The IRA has claimed responsibility for explosive devices found at major transport hubs in London and a Glasgow university last week, the Metropolitan police has said.
The claim was received on Monday by a media outlet in Northern Ireland and contained a recognised codeword used by the group.
In a statement, the Met said the caller had described how five devices had been sent, although only four have so far been found. The fifth was sent to an army recruitment officer.
″Given the packages received last week bore similarities to devices sent in the past which were linked to dissident groups associated with Northern Ireland-related terrorism, officers were already looking at this as a line of enquiry. However, we continue to keep an open mind and enquiries continue,” the statement read.
Detectives from the Met Police’s terror unit were called in following the delivery of the suspect packages at Waterloo station, Heathrow airport and London City airport on the 5 March.
Another was found at the University of Glasgow which was then evacuated. The caller said it was meant for a British army recruitment officer who works there.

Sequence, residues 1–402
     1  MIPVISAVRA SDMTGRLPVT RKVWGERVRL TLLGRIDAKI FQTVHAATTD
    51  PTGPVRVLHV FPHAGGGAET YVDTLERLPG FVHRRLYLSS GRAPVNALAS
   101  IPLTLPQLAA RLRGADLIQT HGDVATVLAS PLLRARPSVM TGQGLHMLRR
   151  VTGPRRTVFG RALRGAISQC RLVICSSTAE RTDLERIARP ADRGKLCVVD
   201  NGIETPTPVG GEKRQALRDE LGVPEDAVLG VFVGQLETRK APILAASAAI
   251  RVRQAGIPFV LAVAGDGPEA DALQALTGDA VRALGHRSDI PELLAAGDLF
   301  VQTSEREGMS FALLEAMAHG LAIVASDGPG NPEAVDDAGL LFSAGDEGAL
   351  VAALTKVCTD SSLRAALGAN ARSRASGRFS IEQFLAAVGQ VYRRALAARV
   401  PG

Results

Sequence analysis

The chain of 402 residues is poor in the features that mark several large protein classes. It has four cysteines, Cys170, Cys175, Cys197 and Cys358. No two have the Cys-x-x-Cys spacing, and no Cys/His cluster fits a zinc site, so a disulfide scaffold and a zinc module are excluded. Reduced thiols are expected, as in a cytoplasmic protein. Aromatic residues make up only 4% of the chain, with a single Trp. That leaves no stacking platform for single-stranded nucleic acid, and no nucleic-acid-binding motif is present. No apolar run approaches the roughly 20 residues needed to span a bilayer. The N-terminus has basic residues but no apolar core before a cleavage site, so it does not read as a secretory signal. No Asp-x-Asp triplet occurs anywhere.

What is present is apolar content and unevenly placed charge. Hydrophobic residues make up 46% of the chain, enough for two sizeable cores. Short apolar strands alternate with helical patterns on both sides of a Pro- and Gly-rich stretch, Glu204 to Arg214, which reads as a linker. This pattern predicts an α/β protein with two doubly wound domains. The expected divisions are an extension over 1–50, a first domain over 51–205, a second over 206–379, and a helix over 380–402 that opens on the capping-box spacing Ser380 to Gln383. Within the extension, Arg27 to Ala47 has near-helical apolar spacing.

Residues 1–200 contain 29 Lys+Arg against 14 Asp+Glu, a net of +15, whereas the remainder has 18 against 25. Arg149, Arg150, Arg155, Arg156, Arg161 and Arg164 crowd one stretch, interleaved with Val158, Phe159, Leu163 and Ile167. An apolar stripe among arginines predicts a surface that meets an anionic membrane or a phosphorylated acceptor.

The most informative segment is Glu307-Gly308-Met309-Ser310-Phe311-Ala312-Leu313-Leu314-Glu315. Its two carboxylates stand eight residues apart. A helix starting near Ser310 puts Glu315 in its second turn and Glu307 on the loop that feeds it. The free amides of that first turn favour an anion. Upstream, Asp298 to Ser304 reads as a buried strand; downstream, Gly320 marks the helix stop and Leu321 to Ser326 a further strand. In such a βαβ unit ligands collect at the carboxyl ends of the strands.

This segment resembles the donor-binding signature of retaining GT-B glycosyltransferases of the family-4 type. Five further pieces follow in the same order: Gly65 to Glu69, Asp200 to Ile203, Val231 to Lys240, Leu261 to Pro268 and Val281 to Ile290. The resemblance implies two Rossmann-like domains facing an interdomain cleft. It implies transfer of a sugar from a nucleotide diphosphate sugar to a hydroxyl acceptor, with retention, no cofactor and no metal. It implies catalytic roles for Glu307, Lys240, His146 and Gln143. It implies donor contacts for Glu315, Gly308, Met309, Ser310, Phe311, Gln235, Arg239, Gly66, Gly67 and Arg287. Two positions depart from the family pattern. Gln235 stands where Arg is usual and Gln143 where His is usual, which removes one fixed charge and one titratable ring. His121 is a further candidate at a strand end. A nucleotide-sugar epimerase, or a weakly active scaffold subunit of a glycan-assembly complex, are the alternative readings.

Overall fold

Irish News, which received the call, said: “(The group) claimed that three were sent to ‘commercial targets’ while the remaining two were posted to British army recruitment officers.
“The group said a device discovered at Glasgow University was intended for a British army recruitment officer who works there.”
The parcels were white postal sacks containing small A4-sized Jiffy bags. No-one was injured in any of the incidents and no arrests have yet been made.
Ireland’s main police force confirmed at the time it was assisting the Met with its investigation after pictures broadcast by Sky News appeared to show Irish stamps attached to the packages.
One of the devices was opened by staff at a building opposite Heathrow, causing it to detonate before 10am. The package caught fire but nobody was injured, police said.
The Irish Republican Army (IRA) has fought under various forms throughout the 20th century for an Ireland free from British rule.
The group was responsible for a number of attacks during The Troubles in the 1970s and 80s, including the Omagh bombing in 1998 which killed 29 people.